Last week we jokingly wrote about a Facebook press release that was apparently an honest effort by the social media giant intended to summarize Russian efforts to undermine the 2016 election using their social media platform. That said, at least to us, it seemed as though Facebook unwittingly proved what a farce the entire 'Russian collusion' narrative had become as, after digging through advertising data for the better part of full year, Facebook reported that they found a 'staggering' $50,000 worth of ad buys that 'MAY' have been purchased by Russian-linked accounts to run 'potentially politically related' ads.
Not surprisingly, after being attacked by the mainstream media and even Hillary for "assisting" the Russians, Zuckerberg is once again in the press today fanning the flames of the 'Russian collusion' narrative by saying that Facebook will release to Congress the details of the 3,000 ads that 'MAY' have been purchased by Russian-linked accounts.
And while it seems obvious, please allow us to once again demonstrate why this entire process is so utterly bizarre...
The chart below demonstrates how the $50,000 worth of ad buys that 'MAY' have been purchased by Russian-linked accounts to run 'potentially politically related' ads compares to the $26.8 billion in ad revenue that Facebook generated in the U.S. over the same time period between 3Q 2015 and 2Q 2017....If $50,000 can swing an entire presidential election can you imagine what $26.8 billion can do?
Of course, not all of that $26.8 billion was spent on political advertising so we took a shot at breaking it down further. While Facebook doesn't disclose political spending as a percent of their overall advertising revenue, we did a little digging and found that political advertising represented ~5% of the overall ad market in the U.S. in 2016. We further assumed that political share of the overall ad market is roughly half of that amount in non-election years, or 2.5%.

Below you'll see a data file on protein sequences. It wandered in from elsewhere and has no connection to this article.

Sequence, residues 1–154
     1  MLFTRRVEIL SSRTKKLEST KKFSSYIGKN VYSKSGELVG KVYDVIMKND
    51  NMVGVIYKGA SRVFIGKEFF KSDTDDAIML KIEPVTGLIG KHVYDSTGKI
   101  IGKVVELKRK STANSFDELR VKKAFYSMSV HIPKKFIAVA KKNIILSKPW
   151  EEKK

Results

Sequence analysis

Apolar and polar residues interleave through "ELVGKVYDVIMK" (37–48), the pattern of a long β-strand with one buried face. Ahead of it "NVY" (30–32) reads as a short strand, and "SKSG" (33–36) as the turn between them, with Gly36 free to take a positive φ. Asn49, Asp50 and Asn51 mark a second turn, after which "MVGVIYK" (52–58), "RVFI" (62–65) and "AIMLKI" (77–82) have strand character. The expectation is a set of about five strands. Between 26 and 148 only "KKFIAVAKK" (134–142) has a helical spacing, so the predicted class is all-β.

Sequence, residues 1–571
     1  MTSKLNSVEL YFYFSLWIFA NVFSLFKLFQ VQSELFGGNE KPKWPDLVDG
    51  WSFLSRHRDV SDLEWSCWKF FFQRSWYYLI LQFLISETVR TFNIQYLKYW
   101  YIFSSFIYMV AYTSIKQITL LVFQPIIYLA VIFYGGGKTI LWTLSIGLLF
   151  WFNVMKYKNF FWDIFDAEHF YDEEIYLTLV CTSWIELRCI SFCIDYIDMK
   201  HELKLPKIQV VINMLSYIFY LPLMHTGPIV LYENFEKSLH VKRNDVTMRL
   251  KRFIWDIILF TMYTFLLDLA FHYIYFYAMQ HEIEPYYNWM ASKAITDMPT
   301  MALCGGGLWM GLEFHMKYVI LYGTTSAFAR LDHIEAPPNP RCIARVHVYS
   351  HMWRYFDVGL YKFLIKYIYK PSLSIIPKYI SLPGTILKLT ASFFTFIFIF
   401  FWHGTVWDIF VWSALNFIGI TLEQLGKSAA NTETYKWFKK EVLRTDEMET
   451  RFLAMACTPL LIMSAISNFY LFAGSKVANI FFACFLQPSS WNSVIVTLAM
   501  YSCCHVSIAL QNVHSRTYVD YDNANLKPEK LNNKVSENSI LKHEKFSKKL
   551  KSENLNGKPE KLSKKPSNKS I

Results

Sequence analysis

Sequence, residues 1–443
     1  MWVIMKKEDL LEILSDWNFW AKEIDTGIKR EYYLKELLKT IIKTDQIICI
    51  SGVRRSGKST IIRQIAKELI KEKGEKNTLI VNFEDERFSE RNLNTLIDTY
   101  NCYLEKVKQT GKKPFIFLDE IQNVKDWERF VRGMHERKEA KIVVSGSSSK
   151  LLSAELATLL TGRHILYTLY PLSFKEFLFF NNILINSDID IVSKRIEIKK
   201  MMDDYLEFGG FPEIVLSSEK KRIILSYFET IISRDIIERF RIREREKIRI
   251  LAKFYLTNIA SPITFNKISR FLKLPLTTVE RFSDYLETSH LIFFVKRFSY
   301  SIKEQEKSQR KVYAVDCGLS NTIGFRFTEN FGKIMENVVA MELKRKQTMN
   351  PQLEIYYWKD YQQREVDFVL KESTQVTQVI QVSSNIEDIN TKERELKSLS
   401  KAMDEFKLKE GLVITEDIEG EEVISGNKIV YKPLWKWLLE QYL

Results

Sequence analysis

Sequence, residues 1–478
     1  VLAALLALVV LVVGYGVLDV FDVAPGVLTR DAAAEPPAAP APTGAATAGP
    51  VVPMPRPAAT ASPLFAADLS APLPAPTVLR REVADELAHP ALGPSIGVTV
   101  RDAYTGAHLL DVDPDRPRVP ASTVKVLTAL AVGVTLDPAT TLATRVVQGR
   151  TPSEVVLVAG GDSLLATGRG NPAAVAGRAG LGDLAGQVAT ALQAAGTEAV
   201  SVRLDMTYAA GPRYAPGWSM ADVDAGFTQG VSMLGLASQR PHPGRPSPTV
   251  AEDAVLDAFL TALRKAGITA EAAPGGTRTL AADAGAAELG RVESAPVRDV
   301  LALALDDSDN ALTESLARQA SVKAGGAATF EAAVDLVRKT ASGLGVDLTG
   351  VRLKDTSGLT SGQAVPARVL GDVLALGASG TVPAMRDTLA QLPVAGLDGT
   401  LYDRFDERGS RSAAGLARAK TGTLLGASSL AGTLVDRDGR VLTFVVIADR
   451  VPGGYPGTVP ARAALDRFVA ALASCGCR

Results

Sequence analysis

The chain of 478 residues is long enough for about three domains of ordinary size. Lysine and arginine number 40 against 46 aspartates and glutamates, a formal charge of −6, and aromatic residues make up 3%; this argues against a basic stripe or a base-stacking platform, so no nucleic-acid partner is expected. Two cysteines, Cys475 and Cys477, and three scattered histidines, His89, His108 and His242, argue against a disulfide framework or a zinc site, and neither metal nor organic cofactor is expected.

Using that data, we figure that Facebook may get ~3.5% of their annual revenue from political advertising in an average year, or nearly $1 billion per year...give or take a few million. Unfortunately, as the chart below once again demonstrates, this still does little to support Zuckerberg's thesis that the $50,000 he keeps talking about is in any way relevant to the 2016 election.
Of course, the pursuit of this ridiculous narrative proves that Zuckerberg has no interest in spreading the truth about how his company impacted (and by "impacted," we mean "had no impact at all") the 2016 election, but rather is only interested in shoving his political agenda down the throats of an American public that he presumes is too stupid to question his propaganda.
That said, if Zuckerberg is really just on a mission for truth, as he says he is, perhaps he can stop patronizing the American public and disclose the full facts surrounding political advertising on Facebook. We suspect a simple financial disclosure detailing how much political advertising was sold on Facebook from 3Q 2015 - 2Q 2017, broken down by political affiliation, would go a long way toward proving just how meaningless $50,000 is in the grand scheme of things.
That said, somehow we suspect 'truth' is not really Zuckerberg's end goal, now is it?